Finance Globe

U.S. financial and economic topics from several finance writers.
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Consumers Say Overspending is the Biggest Financial Regret

Financial mistakes are bound to happen. Some are worse than others. According to a poll from the National Foundation for Credit Counseling, the biggest financial regret is habitual overspending. More than 2,200 people responded to the poll and 53% agreed with the top pick.

Other responses:

Inadequate savings, 18%
Insufficiently preparing for retirement, 14%
Not having a house, 10%
Having purchased a house, 5%.

A Few Consequences of Overspending

One of the problems with overspending is that it keeps you from accomplishing your other financial goals. For example, overspending can keep you from regularly contributing to your savings or retirement. It can also keep you from coming up with a down payment for a house. Or, if your overspending damages your credit score, you may not be able to qualify for a home loan. Overspending can also lead to debt, which creates another set of problems and stress.

Few people intend to overspend. Instead, it becomes a habit before you even realize it. If you can catch yourself soon enough, you can curb overspending before it gets completely out of control.

Signs You’re Overspending

How do you know if you’re overspending? If you’re constantly dipping into your savings to pay bills, you may be spending too much money in other areas. Or, if you frequently use your credit card without paying the bill in full each month, you’re likely overspending. Continually overdrafting your checking account, even if you have overdraft protection, is another sign that you may be spending too much money.

How to Get Your Spending Under Control

You may not be able to get back all the money you overspent, but you can change your bad spending habits from this point forward. Start by tracking your spending. Keep a journal of what you’re spending each day and evaluate whether what you've spent was necessary.

Budgeting is another method to control your spending. Create a budget based on your income and your necessary monthly expenses. Total the expenses you’ve listed on your budget, if they exceed your income, then you must choose some areas to cut back. Review the expenses you listed on your budget and ask whether each of these is crucial to your survival. Make a clear distinction between the things you want and the things you need.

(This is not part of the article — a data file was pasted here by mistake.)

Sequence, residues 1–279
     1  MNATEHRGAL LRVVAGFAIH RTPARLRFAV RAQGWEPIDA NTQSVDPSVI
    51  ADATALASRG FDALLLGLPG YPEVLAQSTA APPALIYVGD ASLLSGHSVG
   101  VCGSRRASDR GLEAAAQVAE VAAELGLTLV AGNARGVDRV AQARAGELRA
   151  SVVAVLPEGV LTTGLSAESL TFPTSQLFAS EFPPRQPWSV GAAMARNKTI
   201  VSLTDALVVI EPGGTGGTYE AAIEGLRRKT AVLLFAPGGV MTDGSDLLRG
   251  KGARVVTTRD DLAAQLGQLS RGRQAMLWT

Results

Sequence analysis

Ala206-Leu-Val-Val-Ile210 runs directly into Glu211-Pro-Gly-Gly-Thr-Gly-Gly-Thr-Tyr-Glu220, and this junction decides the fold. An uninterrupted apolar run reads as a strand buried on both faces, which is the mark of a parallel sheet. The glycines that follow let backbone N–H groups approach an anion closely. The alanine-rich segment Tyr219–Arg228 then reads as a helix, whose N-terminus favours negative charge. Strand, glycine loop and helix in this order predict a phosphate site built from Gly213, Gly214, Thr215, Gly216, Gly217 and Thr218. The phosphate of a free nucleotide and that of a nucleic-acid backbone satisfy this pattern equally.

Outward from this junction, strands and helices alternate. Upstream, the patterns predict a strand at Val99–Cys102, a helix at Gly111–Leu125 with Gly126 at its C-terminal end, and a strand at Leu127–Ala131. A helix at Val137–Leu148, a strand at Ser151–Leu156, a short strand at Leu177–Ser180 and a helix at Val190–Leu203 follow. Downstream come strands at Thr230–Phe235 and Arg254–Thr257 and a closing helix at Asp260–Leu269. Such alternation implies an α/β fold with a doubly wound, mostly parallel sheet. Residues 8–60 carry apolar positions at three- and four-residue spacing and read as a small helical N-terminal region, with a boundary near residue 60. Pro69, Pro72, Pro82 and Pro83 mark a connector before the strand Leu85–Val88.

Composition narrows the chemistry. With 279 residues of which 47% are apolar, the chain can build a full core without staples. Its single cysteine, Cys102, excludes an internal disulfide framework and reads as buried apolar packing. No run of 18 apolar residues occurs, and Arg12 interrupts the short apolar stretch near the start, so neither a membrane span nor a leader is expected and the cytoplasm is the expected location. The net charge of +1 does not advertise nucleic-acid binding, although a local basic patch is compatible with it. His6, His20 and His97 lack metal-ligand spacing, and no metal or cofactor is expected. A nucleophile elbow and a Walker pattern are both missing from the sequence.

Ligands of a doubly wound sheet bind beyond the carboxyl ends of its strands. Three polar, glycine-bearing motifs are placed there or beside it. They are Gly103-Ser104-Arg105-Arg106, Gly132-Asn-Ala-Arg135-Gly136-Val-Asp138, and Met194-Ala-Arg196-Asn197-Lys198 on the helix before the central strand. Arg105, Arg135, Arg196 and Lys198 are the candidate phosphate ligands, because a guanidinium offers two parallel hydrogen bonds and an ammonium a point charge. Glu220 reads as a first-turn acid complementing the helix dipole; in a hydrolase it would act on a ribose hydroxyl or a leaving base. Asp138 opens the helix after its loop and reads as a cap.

A spending fast can also help you curb overspending. The spending fast is much like a food fast. While you’re on the fast, you only spend money on the necessities: shelter, transportation, food (groceries), utilities, and medical expenses. Little to no other spending is allowed while you’re fasting.

Decide how long your fast will last, e.g. 30 or 45 days. Then, set a start and end date for your fast. While you're fasting, continually remind yourself of your allowed spending categories to keep your spending in check. Once the fast is over, put all the money you saved into a savings account or use it to reduce the damage done in your days of overspending. Be careful not to go on a binge once you come off the fast. Ideally, you’ll keep most of the frugal habits you used during the spending fast.

The more attention you pay to what you’re spending, the more likely it is that you can keep your spending under control. Continually assess whether your purchases are necessary and develop the discipline necessary to say “no” to things you don’t need and can’t afford.

Source: The National Foundation for Credit Counseling
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Sunday, 18 August 2019

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